The future well-being of a society is directly linked to its ability to care for and educate its young. Among families that cannot effectively care for their young without assistance, lie one of the sources of future violence and criminality. Until we learn this, we will continue to build more prisons at a much higher cost than early prevention and treatment. Until we fully recognize and support the importance of the parental task of caring for its young, we will not stop the cycle of violence.
Steffensmeier and Haynie (2000) found that economic disadvantage and social disorganization was associated with adult female homicide. Campbell (1993) suggests that women express violence in response to stress and frustration. Katherine Ramsland has proposed several reasons for aggression by women (Court TV Crime Library, 2005). Some work in partnership with boyfriends or husbands who beat them if they do not cooperate, some are impulsively violent, and some are methodically cruel. Elizabeth Epstein (2005) found that among the relationships of 109 alcoholic women, 61% reported some violence. In 23% of the couples, the woman was more violent and in 11% of the couples, the man was more violent. Dobash et al., (1992) point out that female and male rates of spousal murder in the US are very similar, while the perpetrators of spousal abuse are predominantly male.
A study of female violence (Seifert, 2008) indicated that adult females with histories of aggression had moderate to severe behavior problems that began before the age of 13, assault of an authority figure, impulsivity, delinquency, running away from home, substance abuse, beliefs in the legitimacy of aggression as a means to an end, few pro-social peers, behavior problems at school, home or work, not successful in school, job, or as a home maker, family violence and low warmth in family of origin, and lack of appropriate boundaries in family of origin or present family. A third of those with chronic assaults lacked remorse, and had positive attitudes toward antisocial behavior, emotional displays that were flat or out of control, deviant peers, and excessive absenteeism from school or work in addition to the general characteristics cited above. Additionally it appears that the number and the severity of traumas experienced by a woman are associated with the number and severity of behavior problems a woman has. The CARE 2: Chronic Violence Risk and Needs Assessment (Seifert, 2008) identifies the risk and resiliency factors associated with youthful female violence, as well as needed interventions. Research continues on the female adult version of this tool.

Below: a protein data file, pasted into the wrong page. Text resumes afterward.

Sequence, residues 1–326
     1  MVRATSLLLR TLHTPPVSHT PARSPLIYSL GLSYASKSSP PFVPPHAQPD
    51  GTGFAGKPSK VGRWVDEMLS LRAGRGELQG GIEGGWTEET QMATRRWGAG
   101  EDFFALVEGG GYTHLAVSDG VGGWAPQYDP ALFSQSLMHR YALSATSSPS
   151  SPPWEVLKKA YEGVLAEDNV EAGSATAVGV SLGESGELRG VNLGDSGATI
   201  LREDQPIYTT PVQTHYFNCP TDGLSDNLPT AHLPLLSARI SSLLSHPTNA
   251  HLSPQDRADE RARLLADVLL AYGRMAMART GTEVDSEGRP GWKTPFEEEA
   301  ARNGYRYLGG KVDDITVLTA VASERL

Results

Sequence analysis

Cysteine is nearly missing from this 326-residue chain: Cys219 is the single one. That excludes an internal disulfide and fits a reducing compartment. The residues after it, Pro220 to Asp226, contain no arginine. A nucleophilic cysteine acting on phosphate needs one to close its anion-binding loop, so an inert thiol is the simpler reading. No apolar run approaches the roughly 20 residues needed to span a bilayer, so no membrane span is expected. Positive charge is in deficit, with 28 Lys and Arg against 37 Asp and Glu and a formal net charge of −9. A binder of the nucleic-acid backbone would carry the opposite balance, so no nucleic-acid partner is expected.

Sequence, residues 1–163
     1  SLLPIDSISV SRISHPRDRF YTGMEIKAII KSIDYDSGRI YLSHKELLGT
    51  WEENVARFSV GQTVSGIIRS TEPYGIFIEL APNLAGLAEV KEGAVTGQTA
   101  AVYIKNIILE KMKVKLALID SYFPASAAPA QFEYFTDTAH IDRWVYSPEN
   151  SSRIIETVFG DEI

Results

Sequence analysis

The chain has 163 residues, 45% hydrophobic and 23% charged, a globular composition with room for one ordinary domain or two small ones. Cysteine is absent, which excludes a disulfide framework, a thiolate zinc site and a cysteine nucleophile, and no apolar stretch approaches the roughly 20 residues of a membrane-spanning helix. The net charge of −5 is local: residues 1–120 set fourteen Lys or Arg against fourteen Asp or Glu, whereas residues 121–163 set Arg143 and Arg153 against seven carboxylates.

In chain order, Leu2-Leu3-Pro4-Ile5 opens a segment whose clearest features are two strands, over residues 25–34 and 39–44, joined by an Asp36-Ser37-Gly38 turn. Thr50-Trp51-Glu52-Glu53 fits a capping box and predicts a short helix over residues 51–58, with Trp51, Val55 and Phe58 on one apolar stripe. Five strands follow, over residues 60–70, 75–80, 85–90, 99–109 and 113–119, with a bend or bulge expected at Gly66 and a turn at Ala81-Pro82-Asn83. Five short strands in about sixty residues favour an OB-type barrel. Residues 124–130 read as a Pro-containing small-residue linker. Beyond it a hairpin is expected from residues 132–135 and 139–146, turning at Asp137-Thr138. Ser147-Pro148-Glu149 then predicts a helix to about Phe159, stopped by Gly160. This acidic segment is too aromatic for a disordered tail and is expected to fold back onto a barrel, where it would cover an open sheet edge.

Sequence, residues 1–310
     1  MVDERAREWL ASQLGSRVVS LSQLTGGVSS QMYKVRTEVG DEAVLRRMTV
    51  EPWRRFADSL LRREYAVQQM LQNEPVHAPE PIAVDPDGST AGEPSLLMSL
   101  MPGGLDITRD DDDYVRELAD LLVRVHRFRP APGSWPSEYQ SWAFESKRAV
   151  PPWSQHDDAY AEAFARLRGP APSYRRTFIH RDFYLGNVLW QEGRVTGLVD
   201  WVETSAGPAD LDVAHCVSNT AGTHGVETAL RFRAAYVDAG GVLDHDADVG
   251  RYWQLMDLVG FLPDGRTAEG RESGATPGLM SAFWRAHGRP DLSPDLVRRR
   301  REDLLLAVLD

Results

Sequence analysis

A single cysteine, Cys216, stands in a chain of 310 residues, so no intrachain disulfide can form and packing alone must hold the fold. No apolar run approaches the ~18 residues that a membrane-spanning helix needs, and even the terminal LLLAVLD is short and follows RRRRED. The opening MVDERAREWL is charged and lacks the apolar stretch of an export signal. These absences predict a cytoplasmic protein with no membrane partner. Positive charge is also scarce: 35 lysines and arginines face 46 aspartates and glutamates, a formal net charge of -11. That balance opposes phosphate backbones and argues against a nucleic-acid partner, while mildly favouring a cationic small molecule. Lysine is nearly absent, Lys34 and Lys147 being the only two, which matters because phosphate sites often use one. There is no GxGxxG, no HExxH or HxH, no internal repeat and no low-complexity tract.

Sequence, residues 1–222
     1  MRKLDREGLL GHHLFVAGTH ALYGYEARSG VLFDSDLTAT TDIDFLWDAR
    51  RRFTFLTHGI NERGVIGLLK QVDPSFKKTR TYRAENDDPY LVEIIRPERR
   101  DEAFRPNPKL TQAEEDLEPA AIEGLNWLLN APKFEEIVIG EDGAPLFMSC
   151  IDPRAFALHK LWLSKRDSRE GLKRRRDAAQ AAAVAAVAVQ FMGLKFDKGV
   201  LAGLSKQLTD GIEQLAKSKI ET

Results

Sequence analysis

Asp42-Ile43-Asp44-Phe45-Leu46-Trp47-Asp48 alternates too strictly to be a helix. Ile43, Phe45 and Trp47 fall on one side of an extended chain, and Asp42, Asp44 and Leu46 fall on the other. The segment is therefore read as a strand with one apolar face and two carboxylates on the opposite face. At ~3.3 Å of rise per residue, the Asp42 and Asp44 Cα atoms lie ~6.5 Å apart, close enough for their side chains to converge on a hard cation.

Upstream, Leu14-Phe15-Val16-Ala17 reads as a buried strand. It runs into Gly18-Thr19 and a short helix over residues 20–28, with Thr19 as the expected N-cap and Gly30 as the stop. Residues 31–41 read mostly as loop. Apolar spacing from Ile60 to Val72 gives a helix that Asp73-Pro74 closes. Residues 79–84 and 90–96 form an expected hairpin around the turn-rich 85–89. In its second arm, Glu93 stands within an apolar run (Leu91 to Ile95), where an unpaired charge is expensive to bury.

Females are most likely to kill a spouse (19% of victims of female homicide), a friend/acquaintance (17%), or a boyfriend or girlfriend (10%) and least likely to kill an employee/er (.1%) or a sibling (1%) (BJS). Twelve percent of US homicide offenders (BJS) and 12% of identified serial killers are female (Newton, 2000). The motive for 41% of female serial killers is money (14% of male and female combined). Substance abuse is more likely to be involved when an abused woman murders her abusive male partner. Additionally, most mothers who kill their children are psychotic, under stress, isolated, have long histories of mental illness, and have been abused or exposed to domestic violence as children.
An example is Aileen Wuornos. She was born in Michigan in 1956. Aileen’s childhood was full of abandonment and despair. The killings and molestations taking place around her as a youngster foreshadowed a life in prostitution and murder that would later unfold. Aileen was never able to form an attachment to a peer group nor have the capacity to formulate empathy for others. She ended up confessing to six murders, claiming and then refuting she committed them in self-defense.
Before Aileen’s biological father served time in prison for molesting a child and later hung himself in his cell. Her mother left Aileen and her brother, Keith, with the children’s maternal grandparents when Aileen was only 4 years old. Having given birth to her children as a teenager, Aileen’s mother lamented that they were “crying, unhappy babies.” At age 6 Aileen suffered facial burns while setting fires with lighter fluid.
Aileen later revealed that she had sex with her brother at a young age (a claim that is not verified). She was often truant from school and was pregnant at age 14. In this same year, her grandmother went into violent convulsions and died-there was suspicion that Aileen’s grandfather was to blame.
Aileen soon entered a bleak existence of hitchhiking and prostitution, picking up along the way several charges of drunk and disorderly behavior and assault (Court TV’s Crime Library, 2005). She was later charged, convicted, and executed for the murder of six men with whom she had sex. Had Ailene’s family had early intervention to see that the emotional needs of the children were met, her murder spree might have been avoided.
So it is true for other girls. Early identification and intervention into violent homes is essential to stop the brutal cycle of family violence. We can no longer ignore the precursors of female violence. As a society, we must intervene early with therapy and family supports for all families exposed to domestic violence.
Dr. Kathryn Seifert is a psychotherapist with over 30 years experience in mental health, addictions, and criminal justice work. Dr. Seifert has authored the CARE and numerous articles. She speaks nationally on mental health related topics and youth violence. She is an expert witness in the areas of youth and adult violence and sexual offending. Her latest book is coming soon: How Children Become Violent: Keeping your Kids out of Gangs, Cults, and Terrorist Organizations. For more information go to http://www.drkathyseifert.com